McHenry County Cemeteries
Final resting places tell the story of the community and its growth.
Throughout McHenry County, cemeteries—the final resting places of those who came before—abound. From small discreet family burial grounds to larger community cemeteries, these final resting places tell the story of the community and its growth.In the 1800s, burials could be held on the family farm. According to Margaret Richardson’s entry in the book “McHenry County in the Twentieth Century,” frugal farmers would bury the deceased in a fence row so as not to waste valuable land. After 1900, a law was passed requiring a dedicated burial ground or cemetery.
While many of these burial grounds are as pristinely kept as they were in the 1800s, some have become overgrown with weeds and brush, perhaps because there are no longer any descendants in the area to watch over them.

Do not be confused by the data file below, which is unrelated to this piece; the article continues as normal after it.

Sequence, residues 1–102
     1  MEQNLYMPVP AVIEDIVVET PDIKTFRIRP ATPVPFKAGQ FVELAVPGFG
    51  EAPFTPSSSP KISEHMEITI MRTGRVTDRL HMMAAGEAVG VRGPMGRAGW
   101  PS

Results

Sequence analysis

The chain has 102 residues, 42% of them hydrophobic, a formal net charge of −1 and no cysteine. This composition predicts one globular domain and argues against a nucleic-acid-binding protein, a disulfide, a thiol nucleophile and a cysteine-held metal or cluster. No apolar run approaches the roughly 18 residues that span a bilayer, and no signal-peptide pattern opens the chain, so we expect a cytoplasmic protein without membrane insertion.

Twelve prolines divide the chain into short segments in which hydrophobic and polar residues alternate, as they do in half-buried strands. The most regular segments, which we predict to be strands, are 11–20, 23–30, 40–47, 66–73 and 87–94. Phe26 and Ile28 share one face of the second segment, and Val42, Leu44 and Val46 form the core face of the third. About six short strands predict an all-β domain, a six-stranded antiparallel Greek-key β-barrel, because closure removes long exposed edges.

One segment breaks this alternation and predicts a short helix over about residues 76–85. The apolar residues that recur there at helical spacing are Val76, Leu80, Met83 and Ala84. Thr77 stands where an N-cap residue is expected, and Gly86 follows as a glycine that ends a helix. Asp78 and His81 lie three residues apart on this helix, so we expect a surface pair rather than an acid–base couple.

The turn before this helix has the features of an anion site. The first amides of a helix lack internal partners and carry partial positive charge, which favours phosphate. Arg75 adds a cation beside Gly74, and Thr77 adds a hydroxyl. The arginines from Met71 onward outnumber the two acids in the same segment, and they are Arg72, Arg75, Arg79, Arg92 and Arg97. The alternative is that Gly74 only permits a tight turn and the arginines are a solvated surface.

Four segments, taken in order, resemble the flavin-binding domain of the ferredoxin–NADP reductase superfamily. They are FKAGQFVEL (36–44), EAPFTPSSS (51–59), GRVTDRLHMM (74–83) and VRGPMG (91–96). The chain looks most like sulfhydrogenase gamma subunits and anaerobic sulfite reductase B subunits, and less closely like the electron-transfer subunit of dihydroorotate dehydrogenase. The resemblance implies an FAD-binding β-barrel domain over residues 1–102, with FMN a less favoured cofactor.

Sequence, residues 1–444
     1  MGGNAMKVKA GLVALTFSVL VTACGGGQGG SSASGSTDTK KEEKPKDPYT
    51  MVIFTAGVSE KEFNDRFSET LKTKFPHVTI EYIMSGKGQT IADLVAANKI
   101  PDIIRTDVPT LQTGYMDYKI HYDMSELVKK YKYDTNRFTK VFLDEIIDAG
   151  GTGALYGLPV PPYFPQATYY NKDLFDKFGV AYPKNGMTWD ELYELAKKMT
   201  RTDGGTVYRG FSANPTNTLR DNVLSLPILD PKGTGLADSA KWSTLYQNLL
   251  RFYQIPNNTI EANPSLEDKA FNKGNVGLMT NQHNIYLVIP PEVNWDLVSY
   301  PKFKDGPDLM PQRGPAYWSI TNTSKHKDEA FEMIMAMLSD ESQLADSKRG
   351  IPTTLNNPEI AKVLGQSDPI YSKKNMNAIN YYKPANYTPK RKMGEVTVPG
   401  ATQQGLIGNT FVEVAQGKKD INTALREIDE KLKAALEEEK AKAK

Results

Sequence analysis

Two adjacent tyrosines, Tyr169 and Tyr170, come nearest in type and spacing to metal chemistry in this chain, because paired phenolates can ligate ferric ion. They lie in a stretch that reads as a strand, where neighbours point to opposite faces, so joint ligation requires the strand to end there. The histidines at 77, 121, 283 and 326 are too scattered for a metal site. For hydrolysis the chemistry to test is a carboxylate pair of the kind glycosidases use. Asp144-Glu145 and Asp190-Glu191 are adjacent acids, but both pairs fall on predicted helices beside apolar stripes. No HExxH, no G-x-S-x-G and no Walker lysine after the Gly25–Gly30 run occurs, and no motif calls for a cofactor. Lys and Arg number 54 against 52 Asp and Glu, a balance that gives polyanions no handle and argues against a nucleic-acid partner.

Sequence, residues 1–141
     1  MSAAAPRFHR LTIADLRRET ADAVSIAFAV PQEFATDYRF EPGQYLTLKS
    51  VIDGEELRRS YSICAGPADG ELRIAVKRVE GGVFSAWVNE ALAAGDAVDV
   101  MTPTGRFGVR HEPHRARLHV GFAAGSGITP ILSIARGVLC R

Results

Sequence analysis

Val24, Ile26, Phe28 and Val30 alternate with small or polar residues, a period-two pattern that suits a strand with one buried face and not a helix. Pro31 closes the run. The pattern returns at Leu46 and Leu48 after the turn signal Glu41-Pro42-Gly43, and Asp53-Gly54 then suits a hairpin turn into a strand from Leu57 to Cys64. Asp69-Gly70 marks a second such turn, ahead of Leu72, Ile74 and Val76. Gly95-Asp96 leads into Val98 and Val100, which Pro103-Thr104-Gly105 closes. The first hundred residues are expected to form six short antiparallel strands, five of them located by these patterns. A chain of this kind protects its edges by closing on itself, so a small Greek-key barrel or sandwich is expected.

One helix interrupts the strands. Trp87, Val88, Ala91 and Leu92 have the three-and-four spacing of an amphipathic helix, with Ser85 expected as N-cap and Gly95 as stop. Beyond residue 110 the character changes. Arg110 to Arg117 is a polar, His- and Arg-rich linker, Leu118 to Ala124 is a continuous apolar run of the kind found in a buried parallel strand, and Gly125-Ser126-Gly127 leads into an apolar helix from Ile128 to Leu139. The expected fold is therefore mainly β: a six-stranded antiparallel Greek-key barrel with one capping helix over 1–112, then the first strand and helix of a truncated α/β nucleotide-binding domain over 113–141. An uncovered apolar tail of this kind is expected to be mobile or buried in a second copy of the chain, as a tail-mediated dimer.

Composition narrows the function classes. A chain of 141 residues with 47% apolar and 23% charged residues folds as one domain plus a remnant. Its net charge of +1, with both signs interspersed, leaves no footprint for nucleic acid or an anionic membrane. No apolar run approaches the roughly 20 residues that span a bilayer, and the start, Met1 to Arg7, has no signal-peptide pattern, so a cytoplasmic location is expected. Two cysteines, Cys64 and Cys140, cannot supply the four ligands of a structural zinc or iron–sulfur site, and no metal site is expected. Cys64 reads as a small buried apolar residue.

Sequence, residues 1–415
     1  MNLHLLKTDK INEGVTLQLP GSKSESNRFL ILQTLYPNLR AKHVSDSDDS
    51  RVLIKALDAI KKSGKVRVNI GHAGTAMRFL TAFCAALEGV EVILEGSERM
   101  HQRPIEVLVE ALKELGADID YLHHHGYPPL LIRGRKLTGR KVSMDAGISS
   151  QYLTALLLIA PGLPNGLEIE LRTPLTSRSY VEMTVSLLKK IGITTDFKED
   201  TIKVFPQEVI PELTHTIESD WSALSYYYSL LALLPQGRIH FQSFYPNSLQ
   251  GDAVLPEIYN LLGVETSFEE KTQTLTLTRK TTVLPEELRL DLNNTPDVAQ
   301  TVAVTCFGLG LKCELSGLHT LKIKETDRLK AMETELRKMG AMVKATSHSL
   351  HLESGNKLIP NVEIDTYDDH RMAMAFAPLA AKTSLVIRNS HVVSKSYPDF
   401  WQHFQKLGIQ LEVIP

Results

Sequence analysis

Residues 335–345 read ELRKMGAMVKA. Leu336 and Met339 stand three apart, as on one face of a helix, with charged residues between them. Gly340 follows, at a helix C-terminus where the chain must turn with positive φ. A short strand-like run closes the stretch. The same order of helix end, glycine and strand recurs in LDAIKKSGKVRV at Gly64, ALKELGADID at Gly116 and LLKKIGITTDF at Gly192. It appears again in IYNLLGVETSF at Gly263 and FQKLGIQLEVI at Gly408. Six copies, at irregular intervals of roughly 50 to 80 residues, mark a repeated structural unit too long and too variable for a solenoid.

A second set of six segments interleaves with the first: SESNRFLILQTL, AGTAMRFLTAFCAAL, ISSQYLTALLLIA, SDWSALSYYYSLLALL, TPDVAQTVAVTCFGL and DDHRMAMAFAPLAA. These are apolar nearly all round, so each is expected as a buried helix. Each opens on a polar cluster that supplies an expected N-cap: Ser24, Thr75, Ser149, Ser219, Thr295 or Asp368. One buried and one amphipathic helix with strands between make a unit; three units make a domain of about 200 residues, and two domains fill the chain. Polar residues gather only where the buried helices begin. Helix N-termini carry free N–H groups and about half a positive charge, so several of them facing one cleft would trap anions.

For Rich Tobiasz and Laura Frumat, uncovering the stories behind the graves has been a successful task. For the past four years, they have shared the history that lies in the Spring Grove cemeteries by holding an annual cemetery walk, highlighting a different cemetery each year.
“It is important to keep the history of what these people contributed alive,” said Tobiasz, the fire chief of Spring Grove and a professional storyteller. “If we don’t keep track, we won’t know about our past.” He also notes that these were all interesting people who endured difficult times in the 1800s to make a home in this area.
“John Sanborn [who arrived around 1836] made his first home by digging out a gulley in the side of a hill,” said Frumat. “The field stones that he used to line the gully can still be seen where he placed them.”
Cemeteries Take Us Back in Time
Meandering through the cemeteries, it becomes apparent that a large number of infants and children passed away early in life. In the 1800s and early 1900s, children and adults were vulnerable to diseases that have been eradicated or are easily treated today. Whooping cough and diphtheria were often fatal to children. And, because the disease would spread in families, it was not uncommon for there to be several deaths in the same family.